"Otoño en Buenos Aires" (from Danzas Latinoamericanas)
N: Oh that's wonderful, that's really beautiful. I guess that brings me sort of to my next question: one of my favorite pieces in the cello ensemble repertoire is definitely the, from Villa-Lobos actually, the Bachianas Brazileiras that are just absolutely incredibly written for the cello ensemble. But what do you, would you have a favorite for cello or cello ensemble that's not yours?
J: Of course!
N: Maybe let's pick one, or two!
J: Well, I have to say, because you mentioned Villa-Lobos, that he was actually one of my main inspirations for this piece. I mean, I was very young and I was modeling each of my pieces after particular masters of classical music, and so, the first movement, the tango, was of course indebted to Piazzolla and Carlos Gardel, who's an extraordinary singer from Argentina and is also one of the biggest icons in the tango world. But for the second movement, which is Brazilian inspired, of course I had to make reference to the extraordinary Villa-Lobos. And yeah, I mean, his music is absolutely extraordinary not only in its perfect craft but also in the fact that he manages to bring, you know, very, very Latin American colors into it. When you listen to, for example, his ballet Uirapurú, you basically are listening to the Amazon. It’s just that spectacular, and the “lush-ness” of his melodies and the fact that he does something that I strive to, which is basically to use tonality unapologetically because it's a beautiful way to express reality. And you know, it is wonderful, of course, to also explore new idioms. I have great respect for people who embrace the avant-garde, but it's just not my personal language. And so, I love the language of Villa-Lobos and he's a wonderful composer to be inspired by.
"Pan de Azúcar" by José Elizondo (from Danzas Latinoamericanas)
N: Yeah, yeah. I totally agree. So you were just saying you were really using different specific masters for your compositions especially as a young composer. Who would you consider sort of your biggest role models? I guess we have Villa-Lobos is definitely one of them...
J: Yes. Well, Bach is the biggest one, of course. I think his music is such a perfect expression of music, regardless of what he's writing, that you always will be enriched if you get close to Bach. (Yeah) It's a pilgrimage that I think every performer and every composer must make. And it's always an endless source of inspiration. For example, last year I was very blessed to be commissioned again to write a piece for maestros Yo-Yo Ma and Carlos Prieto. This completes the cycle and brings me back to where I started. I wrote a piece for them called Cantabrigian Reflections. “Cantabrigian” is the way that you refer to things from Cambridge, in this case Cambridge, Massachusetts, which is not only the place where maestro Yo-Yo Ma spends a lot of his time, but also, it's the place where Yo-Yo Ma, Carlos Prieto and I studied, at the universities in that city. This was a piece that allowed me to incorporate elements of reflection, both literally in a musical sense, you know, melodies that sort of imitate each other and evolve together, but also metaphorically, reflecting on the events that happened last year, and reflecting on the inspiration that brought me initially to this cello adventure. That goes back to the performance by Carlos Prieto of the Bach Suites, and the fact that, the same Suite that I heard with Mr. Prieto (Bach’s Suite No. 1) is the most iconic piece played by Maestro Yo-Yo Ma. It's a piece that reminds me of both of them. And so, I quote from Bach’s Suite No. 1, not the Prelude but the Minuet, (Yeah) at the heart of my composition, this new composition, Cantabrigian Reflections. (Wow) It just shows that time and time again, I can come back to Bach for inspiration and it's always a wonderful adventure.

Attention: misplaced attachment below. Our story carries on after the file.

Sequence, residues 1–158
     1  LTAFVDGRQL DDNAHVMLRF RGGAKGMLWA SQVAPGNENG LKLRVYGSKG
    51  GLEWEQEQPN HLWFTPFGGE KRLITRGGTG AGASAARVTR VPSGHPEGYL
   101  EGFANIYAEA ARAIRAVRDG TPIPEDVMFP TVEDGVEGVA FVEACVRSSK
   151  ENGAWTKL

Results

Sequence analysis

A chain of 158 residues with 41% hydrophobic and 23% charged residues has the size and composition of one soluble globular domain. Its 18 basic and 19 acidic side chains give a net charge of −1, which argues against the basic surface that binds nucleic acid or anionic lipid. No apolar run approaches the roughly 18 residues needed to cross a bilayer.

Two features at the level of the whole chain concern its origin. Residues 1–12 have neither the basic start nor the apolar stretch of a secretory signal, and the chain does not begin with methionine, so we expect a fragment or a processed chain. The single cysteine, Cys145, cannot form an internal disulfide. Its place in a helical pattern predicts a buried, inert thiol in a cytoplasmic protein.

N: Wow, that's exciting! Is it already released, this piece? Can we hear it?
J: Because of the Covid situation, the premiere has not happened yet. But I'm hopeful that it will happen at some point in the near future.
N: Yeah, I think it will, it will definitely happen soon and then we'll definitely be looking for it. One of the questions I have is also which piece of yours or which arrangement of yours would you like to feature today? What would be one of the pieces you'd like to really shine a special light on?